"Keep it moving because it has no action in the tail unless you are swimming it along, causing the tail to beat. The way the Swim Senko was designed, its tail is not vibrating if you just deadstick it (allow it to fall and lie motionless). I'm not saying it won't work when deadsticked, however it's designed to be a moving, swimming, tail-beating bait," explains Gary.
"I tend to use the 1/4 ounce (and lighter) sinker sizes for swimming the Swim Senko over a distance. By that, I don't mean open water, but swimming it through and past shallow heavy cover. The beating tail is like a drum that calls fish holed up in the shallow cover to come out to the edge of the cover, and when they see the Swimming Senko, they barrel out and blast it. On the other hand, when fish are sulking and just won't come out to the edge of cover to chase, I flip the Swimming Senko right into the densest part of the cover. That's where the fish are when they won't chase. In this case I opt for at least a 3/8 ounce (or heavier) sinker to flip or drop the Swim Senko directly into cover like log jams, weedbeds, down the shady side or boulders or stumps," says Gary. "Fish are often holding tight to such spots. When you flip, your presentation is really only the distance that the lure drops (depth of the water), and that may only be a few feet. so you want the heavier sinker to move the tail, to make the tail beat for the brief few seconds that it drops into the cover. The reason to start off with a heavier (3/8 oz) sinker when you flip directly into cover is that you want the tail to move (to vibrate rapidly) in a very short distance. You'll often get bit right away, before the bait reaches the bottom" explains Gary.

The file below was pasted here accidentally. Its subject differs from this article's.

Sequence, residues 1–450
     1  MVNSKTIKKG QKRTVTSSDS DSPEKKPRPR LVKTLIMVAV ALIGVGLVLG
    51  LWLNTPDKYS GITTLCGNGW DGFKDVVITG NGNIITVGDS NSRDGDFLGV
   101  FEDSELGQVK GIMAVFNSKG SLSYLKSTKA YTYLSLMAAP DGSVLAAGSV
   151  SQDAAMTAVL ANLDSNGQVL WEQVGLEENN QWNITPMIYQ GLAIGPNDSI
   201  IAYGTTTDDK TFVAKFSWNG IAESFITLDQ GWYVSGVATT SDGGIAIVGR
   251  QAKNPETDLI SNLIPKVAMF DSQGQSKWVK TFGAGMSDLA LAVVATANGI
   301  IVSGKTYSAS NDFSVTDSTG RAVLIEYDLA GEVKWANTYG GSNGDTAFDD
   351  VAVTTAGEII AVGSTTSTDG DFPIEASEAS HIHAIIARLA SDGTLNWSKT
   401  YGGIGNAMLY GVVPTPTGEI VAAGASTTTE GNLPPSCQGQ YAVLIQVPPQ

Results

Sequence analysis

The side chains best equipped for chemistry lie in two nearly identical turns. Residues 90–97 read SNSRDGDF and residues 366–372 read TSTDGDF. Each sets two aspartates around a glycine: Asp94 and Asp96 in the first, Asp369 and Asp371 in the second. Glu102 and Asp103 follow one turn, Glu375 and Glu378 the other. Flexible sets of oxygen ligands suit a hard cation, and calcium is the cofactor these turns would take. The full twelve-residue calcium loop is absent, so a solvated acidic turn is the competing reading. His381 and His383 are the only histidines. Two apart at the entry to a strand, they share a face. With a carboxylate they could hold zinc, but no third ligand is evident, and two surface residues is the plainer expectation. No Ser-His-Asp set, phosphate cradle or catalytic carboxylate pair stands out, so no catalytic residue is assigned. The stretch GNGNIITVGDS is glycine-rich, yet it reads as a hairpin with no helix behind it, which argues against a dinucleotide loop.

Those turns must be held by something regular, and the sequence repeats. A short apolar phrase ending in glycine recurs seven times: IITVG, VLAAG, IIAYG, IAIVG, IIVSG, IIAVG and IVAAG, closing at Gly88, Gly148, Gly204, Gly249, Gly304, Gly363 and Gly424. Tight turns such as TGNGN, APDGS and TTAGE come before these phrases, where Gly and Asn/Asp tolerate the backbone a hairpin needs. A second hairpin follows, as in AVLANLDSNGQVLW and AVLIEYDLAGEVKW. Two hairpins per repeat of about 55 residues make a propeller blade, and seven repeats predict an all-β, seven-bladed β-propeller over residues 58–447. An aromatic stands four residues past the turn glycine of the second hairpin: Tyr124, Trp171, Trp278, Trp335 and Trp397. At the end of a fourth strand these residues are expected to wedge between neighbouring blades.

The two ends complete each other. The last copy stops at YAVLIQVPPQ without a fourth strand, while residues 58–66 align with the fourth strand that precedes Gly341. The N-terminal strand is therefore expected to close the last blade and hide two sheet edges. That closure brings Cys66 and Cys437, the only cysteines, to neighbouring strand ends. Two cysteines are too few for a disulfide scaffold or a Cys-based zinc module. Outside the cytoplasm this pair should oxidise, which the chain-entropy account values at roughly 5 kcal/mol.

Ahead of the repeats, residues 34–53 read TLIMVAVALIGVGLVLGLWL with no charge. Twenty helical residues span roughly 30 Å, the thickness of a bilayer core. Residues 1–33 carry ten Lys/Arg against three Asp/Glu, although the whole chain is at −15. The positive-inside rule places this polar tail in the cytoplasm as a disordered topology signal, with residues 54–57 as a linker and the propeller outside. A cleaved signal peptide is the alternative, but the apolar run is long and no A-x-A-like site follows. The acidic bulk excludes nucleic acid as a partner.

"With the flipping rig, you are not casting far (just flipping it into nearby cover). So you may want to try a straight-shank 5/0 hook. Since you are not casting far, the force of flipping is not enough to slide the bait out of place down the straight-shank hook. Without the offset neck, I get far better hooksets with a straight shank hook while flipping into nearby cover."
"Those are three of the best methods for which I designed the Swim Senko," says Gary. "I've had great success using these methods and hope you will too. Thank you and good luck fishing," from Gary Yamamoto.